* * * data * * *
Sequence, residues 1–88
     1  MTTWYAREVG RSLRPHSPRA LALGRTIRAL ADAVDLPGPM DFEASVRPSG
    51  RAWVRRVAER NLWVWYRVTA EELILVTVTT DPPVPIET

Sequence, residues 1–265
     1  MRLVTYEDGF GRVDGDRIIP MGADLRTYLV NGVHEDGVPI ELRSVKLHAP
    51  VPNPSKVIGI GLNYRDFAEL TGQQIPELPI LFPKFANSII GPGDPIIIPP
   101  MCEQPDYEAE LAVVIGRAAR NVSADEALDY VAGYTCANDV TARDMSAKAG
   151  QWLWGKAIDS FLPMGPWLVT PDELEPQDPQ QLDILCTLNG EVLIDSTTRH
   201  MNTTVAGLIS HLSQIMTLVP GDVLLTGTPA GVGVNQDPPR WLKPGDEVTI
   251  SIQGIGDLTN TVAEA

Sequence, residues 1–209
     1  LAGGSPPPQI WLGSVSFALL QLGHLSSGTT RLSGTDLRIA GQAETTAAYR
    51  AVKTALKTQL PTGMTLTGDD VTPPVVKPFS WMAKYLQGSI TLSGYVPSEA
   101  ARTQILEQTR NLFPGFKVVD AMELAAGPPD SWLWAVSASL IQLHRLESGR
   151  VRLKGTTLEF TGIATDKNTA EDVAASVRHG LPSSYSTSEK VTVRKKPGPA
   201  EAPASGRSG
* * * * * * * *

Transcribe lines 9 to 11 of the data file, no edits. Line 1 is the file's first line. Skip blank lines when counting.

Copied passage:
   201  MNTTVAGLIS HLSQIMTLVP GDVLLTGTPA GVGVNQDPPR WLKPGDEVTI
   251  SIQGIGDLTN TVAEA

Sequence, residues 1–209